Wednesday, September 1, 2010

Fish Mobile

I am working on an introductory art project to conduct in K-3 classes. This mobile project can be scaled for various grades and it engages problem solving (identify balancing points for shapes and for resulting hanging form). It is inspired by Alexander Calder's work.
Elements of art addressed:
white line sketch on black paper.
shape 2-D paper cut outs
3-D forms in space created by final assembled paper suspended shapes.
One could also discuss focal point created by a small colored shape and one can discuss negative space created by the spaces between the floating elements.
Artists to inspire
: Calder and Matisse.
Good prep for future more elaborate projects such as a very inspiring High School collaborative kinetic art project on Edutopia
Materials: white pencil, black paper, colored paper scraps, scissors, push pins, beads, floral wire or pipe cleaners, pliers (optional), tape and heavy weight quilting thread (the mono filament pictured here I discovered was too difficult for K-3 to work with and pieces would not hang straight from it so don't us it).

Step 1: Sketch fish with white pencil o
n black paper.
Revision to lesson: student can draw a second fish in extra space on paper.

Step 2: Cut out shape of fis
Revision to lesson: second fish is also cut out as above but does not go through step 3 and 4.
Step 3: Sketch dividing lines vertically through fish.
Step 4: Cut through dividing lines to create segments.
Step 5: Cut out smaller shapes: What does your fish ea
t? What is in its environment? What food chain is it a part of? (can use colored pieces of paper or cut from scraps)
Step 6: Poke holes into top of each fish piece and each piece you want to hang. The trick is to experiment and find out where the balancing point is. You can do this by pushing the push pin all the way through and then letting the piece pivot on the pin and see if the piece hangs in the balanced way you want it to.
Step 7: Lay out your fish pieces in order on a piece of paper. Be sure the tops are facing up. Take a piece of floral wire or pipe cleaner and make a kink in the wire at each spot you will tie the shape to. Also be sure to make a twisted loop towards the middle through which to attach the next hanging wire. Tape wire down on background paper Tie a short string (five inches) through each hole on the black shapes. Adjust string length and tie the loose end to each corresponding kink in the wire. Remove tape from wire.
Step 8: pass another wire through the center hanging loop. make a kink and then attach a bead a the far end of one end. Experiment on length of wire arm to see how the mobile changes.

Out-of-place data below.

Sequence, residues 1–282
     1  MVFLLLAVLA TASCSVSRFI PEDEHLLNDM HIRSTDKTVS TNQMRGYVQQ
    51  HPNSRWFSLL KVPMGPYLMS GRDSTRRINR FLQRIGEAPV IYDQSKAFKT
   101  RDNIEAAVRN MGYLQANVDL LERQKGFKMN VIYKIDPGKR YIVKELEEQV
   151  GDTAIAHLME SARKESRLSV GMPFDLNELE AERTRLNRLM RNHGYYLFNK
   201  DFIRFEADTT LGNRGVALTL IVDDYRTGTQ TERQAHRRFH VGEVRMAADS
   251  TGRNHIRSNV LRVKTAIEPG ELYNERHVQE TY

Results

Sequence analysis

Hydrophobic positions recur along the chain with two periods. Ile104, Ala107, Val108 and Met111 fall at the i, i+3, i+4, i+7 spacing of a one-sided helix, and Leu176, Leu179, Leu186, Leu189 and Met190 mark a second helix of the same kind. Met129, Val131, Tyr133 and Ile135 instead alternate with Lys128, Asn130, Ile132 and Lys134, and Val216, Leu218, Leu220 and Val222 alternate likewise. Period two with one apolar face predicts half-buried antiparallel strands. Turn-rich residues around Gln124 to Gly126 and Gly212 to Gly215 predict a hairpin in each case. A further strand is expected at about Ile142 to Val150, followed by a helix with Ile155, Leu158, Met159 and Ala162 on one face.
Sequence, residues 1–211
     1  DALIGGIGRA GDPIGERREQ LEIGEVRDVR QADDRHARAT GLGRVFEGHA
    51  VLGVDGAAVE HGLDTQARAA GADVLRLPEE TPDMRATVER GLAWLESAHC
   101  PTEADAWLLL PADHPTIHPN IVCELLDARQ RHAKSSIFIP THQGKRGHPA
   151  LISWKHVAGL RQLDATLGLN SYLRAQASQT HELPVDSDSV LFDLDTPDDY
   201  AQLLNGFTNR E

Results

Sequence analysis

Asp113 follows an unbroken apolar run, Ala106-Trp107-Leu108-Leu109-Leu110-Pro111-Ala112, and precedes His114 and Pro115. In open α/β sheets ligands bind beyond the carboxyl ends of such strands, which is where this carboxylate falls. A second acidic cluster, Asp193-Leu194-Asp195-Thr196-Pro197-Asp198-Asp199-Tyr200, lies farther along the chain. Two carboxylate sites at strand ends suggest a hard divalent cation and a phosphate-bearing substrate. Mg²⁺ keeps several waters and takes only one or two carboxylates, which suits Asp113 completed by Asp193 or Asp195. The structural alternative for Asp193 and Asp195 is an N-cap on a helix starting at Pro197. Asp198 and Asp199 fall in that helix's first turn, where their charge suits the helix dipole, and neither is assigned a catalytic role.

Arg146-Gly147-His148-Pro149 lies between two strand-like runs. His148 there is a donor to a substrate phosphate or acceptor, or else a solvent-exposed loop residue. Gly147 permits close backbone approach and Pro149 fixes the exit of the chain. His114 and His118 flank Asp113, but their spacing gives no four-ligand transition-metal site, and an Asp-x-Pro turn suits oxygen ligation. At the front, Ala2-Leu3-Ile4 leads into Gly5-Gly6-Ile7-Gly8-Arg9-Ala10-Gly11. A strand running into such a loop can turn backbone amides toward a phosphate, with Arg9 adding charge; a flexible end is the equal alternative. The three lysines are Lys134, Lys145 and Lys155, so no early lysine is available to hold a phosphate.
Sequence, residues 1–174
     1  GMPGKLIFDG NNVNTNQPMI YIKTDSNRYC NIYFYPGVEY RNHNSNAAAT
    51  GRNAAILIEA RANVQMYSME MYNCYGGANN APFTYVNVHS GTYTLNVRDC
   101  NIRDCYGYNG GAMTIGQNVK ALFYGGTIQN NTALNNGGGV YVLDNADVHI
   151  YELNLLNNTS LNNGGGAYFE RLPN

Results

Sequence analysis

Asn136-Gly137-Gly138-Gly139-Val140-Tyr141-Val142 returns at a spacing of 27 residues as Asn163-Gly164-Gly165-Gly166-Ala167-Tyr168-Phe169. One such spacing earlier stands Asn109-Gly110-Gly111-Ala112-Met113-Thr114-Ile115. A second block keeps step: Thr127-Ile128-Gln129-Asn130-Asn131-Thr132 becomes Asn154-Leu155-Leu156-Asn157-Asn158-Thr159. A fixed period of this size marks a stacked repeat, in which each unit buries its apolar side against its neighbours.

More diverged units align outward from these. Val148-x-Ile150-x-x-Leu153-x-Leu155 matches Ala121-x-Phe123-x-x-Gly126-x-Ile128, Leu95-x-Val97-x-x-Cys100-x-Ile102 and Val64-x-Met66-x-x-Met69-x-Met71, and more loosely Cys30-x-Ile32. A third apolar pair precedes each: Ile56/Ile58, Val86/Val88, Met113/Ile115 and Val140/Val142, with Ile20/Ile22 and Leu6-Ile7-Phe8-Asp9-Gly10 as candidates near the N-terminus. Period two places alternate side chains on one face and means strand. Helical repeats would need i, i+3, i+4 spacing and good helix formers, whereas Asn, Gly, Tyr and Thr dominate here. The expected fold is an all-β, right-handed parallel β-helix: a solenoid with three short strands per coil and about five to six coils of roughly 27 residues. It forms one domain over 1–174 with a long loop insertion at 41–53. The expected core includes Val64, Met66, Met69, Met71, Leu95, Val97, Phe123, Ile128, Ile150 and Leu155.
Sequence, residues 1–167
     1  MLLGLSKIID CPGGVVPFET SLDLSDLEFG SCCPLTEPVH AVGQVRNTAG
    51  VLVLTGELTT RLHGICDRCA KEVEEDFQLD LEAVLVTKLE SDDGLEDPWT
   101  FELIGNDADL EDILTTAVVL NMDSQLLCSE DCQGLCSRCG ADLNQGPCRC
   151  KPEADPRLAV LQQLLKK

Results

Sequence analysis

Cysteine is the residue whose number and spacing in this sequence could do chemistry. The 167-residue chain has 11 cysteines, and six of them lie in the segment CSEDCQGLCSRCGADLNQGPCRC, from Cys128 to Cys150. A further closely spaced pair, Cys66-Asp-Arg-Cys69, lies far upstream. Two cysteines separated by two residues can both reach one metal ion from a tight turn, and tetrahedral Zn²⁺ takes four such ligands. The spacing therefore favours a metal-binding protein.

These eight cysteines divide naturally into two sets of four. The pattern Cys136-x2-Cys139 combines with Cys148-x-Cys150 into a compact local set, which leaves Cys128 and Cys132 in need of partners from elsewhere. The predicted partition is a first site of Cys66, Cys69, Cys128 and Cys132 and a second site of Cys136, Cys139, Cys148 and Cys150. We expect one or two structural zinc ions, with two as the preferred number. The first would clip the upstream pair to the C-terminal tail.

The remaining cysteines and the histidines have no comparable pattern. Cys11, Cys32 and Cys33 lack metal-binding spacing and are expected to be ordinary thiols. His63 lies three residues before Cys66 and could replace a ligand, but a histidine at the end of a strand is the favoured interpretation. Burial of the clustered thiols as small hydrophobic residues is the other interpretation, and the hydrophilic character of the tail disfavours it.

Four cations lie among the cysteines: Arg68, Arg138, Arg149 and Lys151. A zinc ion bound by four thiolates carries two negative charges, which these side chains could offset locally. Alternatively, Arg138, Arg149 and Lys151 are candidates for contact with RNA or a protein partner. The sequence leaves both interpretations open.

Quickly before I forget, here is some of feedback I got today. I am going to first post the negative and if I have time later will post the positive.

Student Feedback:
First Graders: "I didn't like having to cut up my fish." Two students felt this way. During the class one child was crying that she had to cut up her fish. I suggested that she could trace her fish and cut out only the second fish, but she was too upset to continue. In the wrap up, a boy suggested that the kids be able to suspend one fish that is cut up and one that is whole. Awesome suggestion!! I will make that an option for this workshop here on out.

Kinder: Lots of frustration with tying string knots. This was way out of their skill set range. One student decided to hole punched holes and strung his parts along the pipe cleaner. Seeing that great alternative, we switched mid lesson and had all the students do the same. It was much easier. We also did this modified construction in the First Grade class. (I will added the step by step images of this modified version soon.)

Second Graders: I was surprised that even in Second Grade many students had difficulty in tying a knot in thread (I have more experience teaching 4-5 and up, so this was eye opening). They enjoyed using the floral wire instead of the pipe cleaners. A few students offered to help other students needing help on various steps. I was so impressed.

Teacher feedback:
Have a detailed process board!I will be sure to have one by tomorrow.
Have students draw in the air fish shapes....model the form before they even put pencil to the black paper.
Have materials set up in one spot that is easily accessible to children returning the supplies.

My own observations:
In the Kinder class I handed out some materials too soon. ...beads make awesome rattles in cups! Best to wait and have students come and get their counter weight bead at the end of the project! The kinder teacher jumped in and used a simple small chalkboard to quickly sketch shapes of fish for the children. Loved it!

I had an hour in each class. The Kinders completed despite the mid course modification. About half of the Second Grade class completed in an hour and wished to continue on it next week. In the First Grade class I believe half completed their project. This was a challenging art exercise for the children. The next class will be a simpler project...watercolor studies of leaves.

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